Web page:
{{ searchResult.published_at | date:'d MMMM yyyy' }}

Loading ...
Loading ...

Enter a search term such as “mobile analytics” or browse our content using the filters above.

No_results

That’s not only a poor Scrabble score but we also couldn’t find any results matching “”.
Check your spelling or try broadening your search.

Logo_distressed

Sorry about this, there is a problem with our search at the moment.
Please try again later.

QR codes continue to be the hot potato within the marketing industry and this was especially apparent during Econsultany’s recent Digital Cream Sydney event, not least on the mobile table. 

Arguably QR codes seem to invoke a general divide amongst marketers – you either love or hate them – and they’re something that Econsultancy has written about more than numerous times, ranging across great examples in practice, through to the shockingly bad

But what’s the consumer appetite for QR codes? 

In association with Toluna, Econsultancy surveyed more than a thousand Australian consumers to explore this question and, despite a general enthusiasm amongst marketers for the mobile channel, it turns out that the majority of consumers seemingly don’t even know what a QR code is...

In total, Econsultancy polled 1,050 consumers using the Toluna research panel during the beginning of November. In summary, the topline findings reveal that: 

  • 62% of consumers don’t know what a QR codes are, or how to use them
  • Just over half (51%) of the 18-34 age demographic can recognise QR codes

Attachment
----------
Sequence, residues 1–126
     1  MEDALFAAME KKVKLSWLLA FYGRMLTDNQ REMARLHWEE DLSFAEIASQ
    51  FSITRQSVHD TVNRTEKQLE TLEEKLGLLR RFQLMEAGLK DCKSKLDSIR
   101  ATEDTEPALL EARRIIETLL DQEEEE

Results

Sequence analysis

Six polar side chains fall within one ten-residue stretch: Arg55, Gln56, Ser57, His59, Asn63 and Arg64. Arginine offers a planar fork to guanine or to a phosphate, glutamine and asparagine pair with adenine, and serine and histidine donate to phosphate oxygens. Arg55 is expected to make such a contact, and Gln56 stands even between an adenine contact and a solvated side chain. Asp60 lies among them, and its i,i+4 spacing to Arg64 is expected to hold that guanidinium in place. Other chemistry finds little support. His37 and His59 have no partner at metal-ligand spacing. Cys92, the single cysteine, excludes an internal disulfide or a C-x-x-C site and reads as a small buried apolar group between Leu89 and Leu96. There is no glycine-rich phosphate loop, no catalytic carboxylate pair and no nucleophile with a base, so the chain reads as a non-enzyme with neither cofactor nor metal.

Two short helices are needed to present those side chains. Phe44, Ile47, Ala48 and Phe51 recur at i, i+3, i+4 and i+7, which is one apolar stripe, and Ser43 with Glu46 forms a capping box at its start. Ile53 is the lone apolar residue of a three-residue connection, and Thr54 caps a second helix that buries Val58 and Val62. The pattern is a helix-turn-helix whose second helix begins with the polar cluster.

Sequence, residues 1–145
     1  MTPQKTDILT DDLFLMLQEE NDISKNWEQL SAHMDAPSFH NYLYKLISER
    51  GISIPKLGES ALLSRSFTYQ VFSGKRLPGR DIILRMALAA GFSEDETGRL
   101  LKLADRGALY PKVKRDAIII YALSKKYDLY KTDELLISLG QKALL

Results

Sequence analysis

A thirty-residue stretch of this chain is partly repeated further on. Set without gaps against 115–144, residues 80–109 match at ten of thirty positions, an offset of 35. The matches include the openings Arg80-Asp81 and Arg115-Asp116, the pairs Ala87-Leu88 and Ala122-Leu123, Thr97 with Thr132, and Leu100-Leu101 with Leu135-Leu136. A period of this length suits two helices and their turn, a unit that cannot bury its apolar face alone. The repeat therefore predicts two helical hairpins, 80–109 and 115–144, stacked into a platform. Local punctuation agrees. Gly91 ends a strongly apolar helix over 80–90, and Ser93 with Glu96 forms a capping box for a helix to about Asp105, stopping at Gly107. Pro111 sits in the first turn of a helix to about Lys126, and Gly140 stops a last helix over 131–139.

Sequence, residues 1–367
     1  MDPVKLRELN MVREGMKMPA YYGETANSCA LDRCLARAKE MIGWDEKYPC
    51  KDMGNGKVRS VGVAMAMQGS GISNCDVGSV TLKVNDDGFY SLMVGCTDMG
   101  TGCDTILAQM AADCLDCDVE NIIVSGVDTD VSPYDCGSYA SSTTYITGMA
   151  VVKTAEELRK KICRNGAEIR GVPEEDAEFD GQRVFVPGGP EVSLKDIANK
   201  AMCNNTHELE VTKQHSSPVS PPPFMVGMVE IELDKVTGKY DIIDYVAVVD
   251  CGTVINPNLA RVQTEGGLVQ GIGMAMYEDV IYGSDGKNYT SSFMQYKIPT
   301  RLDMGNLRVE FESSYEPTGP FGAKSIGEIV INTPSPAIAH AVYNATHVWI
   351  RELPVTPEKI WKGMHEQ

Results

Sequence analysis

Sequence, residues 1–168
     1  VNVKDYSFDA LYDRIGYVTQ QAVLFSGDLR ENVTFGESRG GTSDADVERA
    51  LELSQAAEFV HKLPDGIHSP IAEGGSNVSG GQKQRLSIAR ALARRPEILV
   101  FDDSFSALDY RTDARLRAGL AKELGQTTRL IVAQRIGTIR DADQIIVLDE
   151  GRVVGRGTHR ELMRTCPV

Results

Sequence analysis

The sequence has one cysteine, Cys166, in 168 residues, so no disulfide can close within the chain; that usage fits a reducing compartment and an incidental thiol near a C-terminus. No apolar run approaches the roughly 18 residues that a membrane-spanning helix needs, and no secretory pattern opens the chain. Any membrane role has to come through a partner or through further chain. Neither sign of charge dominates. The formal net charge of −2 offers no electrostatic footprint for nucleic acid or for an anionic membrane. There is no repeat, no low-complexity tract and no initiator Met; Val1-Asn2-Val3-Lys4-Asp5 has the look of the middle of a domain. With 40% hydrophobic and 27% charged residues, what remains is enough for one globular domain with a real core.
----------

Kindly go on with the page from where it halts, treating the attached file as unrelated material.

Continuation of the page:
• Proportionately, 44% of males know what a QR codes are and how to use them, compared to 35% of females 
  • Across all consumers who knew what QR codes are, nearly half (51%) had used one in the last three months 

The full findings to the research are below: 

Do you know what QR codes are and how to use them?

Do you know what QR codes are and how to use them? (Gender)

Do you know what QR codes are and how to use them? (Age)

The proportion of consumers (38%) who did recognise QR codes were also asked whether they had personally used the mobile channel during the last three months. Interestingly, the proprtion was almost equally split in general, although within this, there was more weighting towards the younger demographic.

Have you personally used a QR code in the last three months?

Have you personally used a QR code in the last three months? (Gender) 

Have you personally used a QR code in the last three months? (Age) 

[Image credit: Dan Zen]

Jake Hird

Published 14 November, 2012 by Jake Hird

Jake Hird is Econsultancy Australia's Director of Research and Education. Follow him on Twitter and Google+, connect with him on LinkedIn or see what he's keeping an eye on via diigo

126 more posts from this author

Comments (11)

Comment
No-profile-pic
Save or Cancel
Avatar-blank-50x50

Jeremy Norton

I have heard about QR codes but I really have no idea what I can get from them. It seems like majority of Australia agrees with my dilemma.

almost 4 years ago

Avatar-blank-50x50

Roger Smolski

Is this poll of 1,050 consumers or '1,050 consumers with smartphones'?